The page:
Radio Industry Tries to Raise Creative Bar

At Mercury Awards, Call to Improve Ads By Witholding an Honor

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NEW YORK (AdAge.com) -- The quest to make better radio ads was front and center at this year's 18th-annual Radio Mercury Awards in New York. Jeff Haley, president-CEO of the Radio Advertising Bureau, kicked off Wednesday's ceremony with a call to arms: "We've seen some great creative this year, but we need to see more of it," he said. "Across all radio, great spots are rewarded. It may just be this year we didn't see enough of them."

(From l.) Jeff Haley, president-CEO of the Radio Advertising Bureau; Peter Smyth, president-CEO of Greater Media; Chris Smith of the Richards Group; David Eastman of the Richards Group; Marjorie Eastman; and Rick Boyko, this year's chief judge.
(From l.) Jeff Haley, president-CEO of the Radio Advertising Bureau; Peter Smyth, president-CEO of Greater Media; Chris Smith of the Richards Group; David Eastman of the Richards Group; Marjorie Eastman; and Rick Boyko, this year's chief judge.
This year's awards were the first in five years that did not include an award for the best radio-station-created ad, a controversial decision by this year's judges, an all-star lineup of top creative directors headed by the VCU Brandcenter's Rick Boyko. (They convened with Ad Age for a roundtable discussion on April 30.) The decision was due to a lack of qualified nominees, and sparked a bit of controversy in the Twittersphere.

Mr. Haley said next year's awards will double in cash value to put more emphasis on the quality of the creative work, and will introduce a new category, the People's Choice Award. Three other categories that were removed this year, public service, student-produced and political, will return next year; the student prize will coincide with the VCU Brandcenter's first radio curriculum.

"It was important to show radio the respect it deserves and critique the ads in the same manner we would for the most prestigious awards in all media," Mr. Boyko said. "The judges feel radio still has the potential to be a game changer for a campaign, and it starts with setting standards for excellence."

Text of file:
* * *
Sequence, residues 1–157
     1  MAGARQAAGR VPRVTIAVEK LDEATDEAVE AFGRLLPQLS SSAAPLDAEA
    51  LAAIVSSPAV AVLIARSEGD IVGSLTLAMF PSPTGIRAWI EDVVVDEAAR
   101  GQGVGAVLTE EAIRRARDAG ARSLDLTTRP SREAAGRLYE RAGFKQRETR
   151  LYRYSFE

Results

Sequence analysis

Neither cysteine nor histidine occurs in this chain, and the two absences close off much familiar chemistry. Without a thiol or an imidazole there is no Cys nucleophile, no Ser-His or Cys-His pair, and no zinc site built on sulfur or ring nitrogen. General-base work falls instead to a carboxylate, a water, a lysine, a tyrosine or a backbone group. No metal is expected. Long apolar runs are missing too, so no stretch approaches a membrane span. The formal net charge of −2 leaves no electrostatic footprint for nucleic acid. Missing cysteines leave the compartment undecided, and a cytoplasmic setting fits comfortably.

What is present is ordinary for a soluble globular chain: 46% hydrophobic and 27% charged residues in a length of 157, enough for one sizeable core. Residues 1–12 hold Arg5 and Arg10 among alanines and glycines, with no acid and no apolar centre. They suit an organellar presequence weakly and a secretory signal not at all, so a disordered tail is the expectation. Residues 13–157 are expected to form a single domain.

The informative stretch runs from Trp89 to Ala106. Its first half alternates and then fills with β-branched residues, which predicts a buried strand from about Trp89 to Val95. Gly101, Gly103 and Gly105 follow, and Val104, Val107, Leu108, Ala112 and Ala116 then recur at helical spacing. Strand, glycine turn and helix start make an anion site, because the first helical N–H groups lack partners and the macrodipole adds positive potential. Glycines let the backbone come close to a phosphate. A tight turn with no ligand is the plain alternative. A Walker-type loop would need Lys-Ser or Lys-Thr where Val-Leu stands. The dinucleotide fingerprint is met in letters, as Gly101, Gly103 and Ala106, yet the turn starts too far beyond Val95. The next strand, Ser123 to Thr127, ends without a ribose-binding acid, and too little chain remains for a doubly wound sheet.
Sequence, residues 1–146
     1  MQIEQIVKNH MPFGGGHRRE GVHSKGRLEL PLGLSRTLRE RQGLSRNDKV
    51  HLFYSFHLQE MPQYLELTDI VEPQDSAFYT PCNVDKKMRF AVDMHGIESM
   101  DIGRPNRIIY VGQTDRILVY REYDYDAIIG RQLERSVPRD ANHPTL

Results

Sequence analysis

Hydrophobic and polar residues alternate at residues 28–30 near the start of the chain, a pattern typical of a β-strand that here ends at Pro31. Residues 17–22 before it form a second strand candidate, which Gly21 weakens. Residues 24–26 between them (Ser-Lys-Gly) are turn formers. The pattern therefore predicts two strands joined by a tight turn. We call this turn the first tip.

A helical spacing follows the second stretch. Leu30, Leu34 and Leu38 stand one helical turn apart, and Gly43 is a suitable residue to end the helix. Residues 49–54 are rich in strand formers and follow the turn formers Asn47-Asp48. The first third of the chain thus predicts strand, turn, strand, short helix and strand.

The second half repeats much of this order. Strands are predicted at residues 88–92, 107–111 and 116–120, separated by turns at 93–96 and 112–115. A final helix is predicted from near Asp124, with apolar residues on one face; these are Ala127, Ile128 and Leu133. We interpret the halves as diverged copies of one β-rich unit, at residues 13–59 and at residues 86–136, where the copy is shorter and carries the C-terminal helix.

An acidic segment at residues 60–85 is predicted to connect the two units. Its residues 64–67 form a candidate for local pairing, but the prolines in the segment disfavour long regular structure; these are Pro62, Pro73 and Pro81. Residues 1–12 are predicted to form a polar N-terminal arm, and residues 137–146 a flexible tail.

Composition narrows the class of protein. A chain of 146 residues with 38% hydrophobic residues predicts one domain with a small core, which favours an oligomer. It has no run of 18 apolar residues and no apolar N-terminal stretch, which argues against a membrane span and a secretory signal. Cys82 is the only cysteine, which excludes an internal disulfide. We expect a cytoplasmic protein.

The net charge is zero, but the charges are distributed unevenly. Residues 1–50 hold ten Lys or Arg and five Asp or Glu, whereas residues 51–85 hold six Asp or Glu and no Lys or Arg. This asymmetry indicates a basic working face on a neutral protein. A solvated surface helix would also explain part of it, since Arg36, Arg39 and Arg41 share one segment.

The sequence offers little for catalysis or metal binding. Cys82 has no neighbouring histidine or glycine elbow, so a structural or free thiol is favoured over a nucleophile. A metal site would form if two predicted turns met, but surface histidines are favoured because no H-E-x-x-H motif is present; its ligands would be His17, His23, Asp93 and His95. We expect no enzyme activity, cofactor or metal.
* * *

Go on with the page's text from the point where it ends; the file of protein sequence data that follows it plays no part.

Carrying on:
Most of this year's winners are stalwarts on the radio awards circuit. More weight was given to advertisers who made radio a key part of an integrated marketing campaign. That's why McDonald's was honored with the Mercurys' first Marketer of the Year Award, for its longtime use of radio in its media mix. Natalie Swed Stone, who heads buying for the fast feeder at Omnicom Group's OMD, said, "McDonald's is made of brilliant marketers. There is nobody who has done better than they at staying relevant. There's a reason why an analyst recently said, 'Except for McDonald's, who else is spending more on advertising in this economy?'"

JWT took home another Mercury first, the $10,000 integrated-campaign award, for its work on JetBlue, which helped the airline generate more than 40 million media impressions with its sardonic approach to targeting business travelers and $3 million in free publicity. It also took advantage of radio's flexibility. Winners Matt McDonald and Chris Plehal said they were able to write and produce the winning spots in 24 hours once they got JetBlue's approval for the overall campaign.

Grupo Gallegos won the Spanish-language award for its Comcast ads, and three shops won general agency/production company awards: Y&R, New York, for Office Depot; BBDO, New York, for AT&T; and DDB, Chicago, for the "Championship Ring Designer" installment of its 10-year-old "Real Men of Genius" campaign.

Taking home the $100,000 Grand Prize was the Richards Group for another longtime radio marketer, Motel 6, and its "DVD Commentary" ads. Writer David Eastman said the Dallas-based agency has long been a champion of radio, not just for Motel 6 but for other clients such as Chik-fil-A and Fruit of the Loom, which has helped create "friendly competition" within the agency to see who can make the most creative spots.

In the case of four-time Mercury finalist Motel 6, Mr. Eastman said, "For as long-running a campaign as this one's been, we looked at everything on the reel and see how we can improve upon it."

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